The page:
Gardening

Characteristics and care of Xanthium strumarium

Xanthium strumarium also known as Common Burdock, Caltrop, Cachurro, Arrancamoños or Cadillos . It belongs to the compound family, being native to North America, but it appears throughout Europe and Asia as an alien.

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Xanthium strumarium characteristics

Herbaceous annual plant that can reach a height of 120 cm, depending on the conditions in which it is found.

It usually develops a sparse bush, with erect and pubescent stems.

The leaves are simple, lanceolate, with long and sometimes reddish petioles, with 3 toothed lobes, of green color.

The flowers are unisexual, being male and female, in different inflorescences, they appear in axillary chapters. It blooms in the summer.

The fruit is achene, with the involvement covered with thorns, with a pointed tip and a terminal stinger. Thanks to this, the animals are spreading this species.

Xanthium strumarium care

This plant occurs in abandoned areas, either on roadsides, river gravels and beaches, and it can also appear in crops.

In gardening  it is not usually used. However, in medicine its roots and leaves are used due to its diuretic, emollient, hepatic, cholagogue and depurative properties for the liver.

It is a species that needs to be in full sun, but can withstand shade. It resists salinity very well.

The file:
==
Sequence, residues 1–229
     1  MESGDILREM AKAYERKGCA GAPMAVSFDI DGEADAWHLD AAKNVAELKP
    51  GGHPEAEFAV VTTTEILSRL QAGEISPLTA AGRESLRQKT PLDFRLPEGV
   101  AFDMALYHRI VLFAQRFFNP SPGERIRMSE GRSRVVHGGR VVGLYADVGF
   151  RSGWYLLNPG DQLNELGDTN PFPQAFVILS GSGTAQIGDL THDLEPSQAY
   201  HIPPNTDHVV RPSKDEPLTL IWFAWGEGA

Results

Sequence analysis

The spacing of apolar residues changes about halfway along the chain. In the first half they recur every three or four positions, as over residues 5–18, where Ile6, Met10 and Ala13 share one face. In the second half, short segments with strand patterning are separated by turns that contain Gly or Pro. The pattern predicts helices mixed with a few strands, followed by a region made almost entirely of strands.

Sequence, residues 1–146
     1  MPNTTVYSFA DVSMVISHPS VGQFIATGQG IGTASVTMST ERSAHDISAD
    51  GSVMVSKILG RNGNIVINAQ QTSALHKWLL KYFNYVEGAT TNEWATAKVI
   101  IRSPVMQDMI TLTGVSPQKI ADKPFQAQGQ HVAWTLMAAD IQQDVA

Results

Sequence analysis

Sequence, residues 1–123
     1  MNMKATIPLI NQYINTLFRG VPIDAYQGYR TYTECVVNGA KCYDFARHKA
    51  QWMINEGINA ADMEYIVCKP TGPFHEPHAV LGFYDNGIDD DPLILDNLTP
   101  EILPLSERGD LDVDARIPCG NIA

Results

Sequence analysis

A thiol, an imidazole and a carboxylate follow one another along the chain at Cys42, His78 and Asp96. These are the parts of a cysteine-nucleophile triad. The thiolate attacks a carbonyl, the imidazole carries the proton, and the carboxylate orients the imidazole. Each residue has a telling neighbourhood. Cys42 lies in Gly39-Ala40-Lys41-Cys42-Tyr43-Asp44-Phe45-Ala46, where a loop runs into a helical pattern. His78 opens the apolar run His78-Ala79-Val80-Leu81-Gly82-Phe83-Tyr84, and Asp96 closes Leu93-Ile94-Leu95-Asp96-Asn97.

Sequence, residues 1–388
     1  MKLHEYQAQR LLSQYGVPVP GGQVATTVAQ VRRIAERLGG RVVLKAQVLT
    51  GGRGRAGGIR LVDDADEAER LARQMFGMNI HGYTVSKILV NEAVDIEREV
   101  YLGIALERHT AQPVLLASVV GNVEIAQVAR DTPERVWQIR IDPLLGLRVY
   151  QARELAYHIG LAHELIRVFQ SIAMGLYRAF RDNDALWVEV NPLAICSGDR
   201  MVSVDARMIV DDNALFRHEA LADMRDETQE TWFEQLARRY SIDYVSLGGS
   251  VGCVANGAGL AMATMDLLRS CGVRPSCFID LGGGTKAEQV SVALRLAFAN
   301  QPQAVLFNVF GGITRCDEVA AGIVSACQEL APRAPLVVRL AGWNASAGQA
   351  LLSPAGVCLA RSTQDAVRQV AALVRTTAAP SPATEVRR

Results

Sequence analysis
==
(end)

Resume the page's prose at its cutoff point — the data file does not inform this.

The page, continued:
As for the soil, it grows in dry to humid soils, with a pH of 4.5-7.5.

It requires abundant watering and is propagated by means of seeds.

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To prepare this plant in infusion, you should cook 30 g of leaves per one liter of water. Serve and drink throughout the day.

It can also be used as a tinctorial plant, providing a yellow colorant.

Consumption of seeds produces nausea, depression, weakness, vomiting, hypothermia, rapid pulse and depression.

It should be mentioned that it is a toxic species due to the presence of diterpenes. Therefore, the sale to the public is prohibited or restricted.

It is a considerable problem in corn and sunflower crops.

What do you think of this species? Did you know it?

Image courtesy of: Forest and Kim Starr

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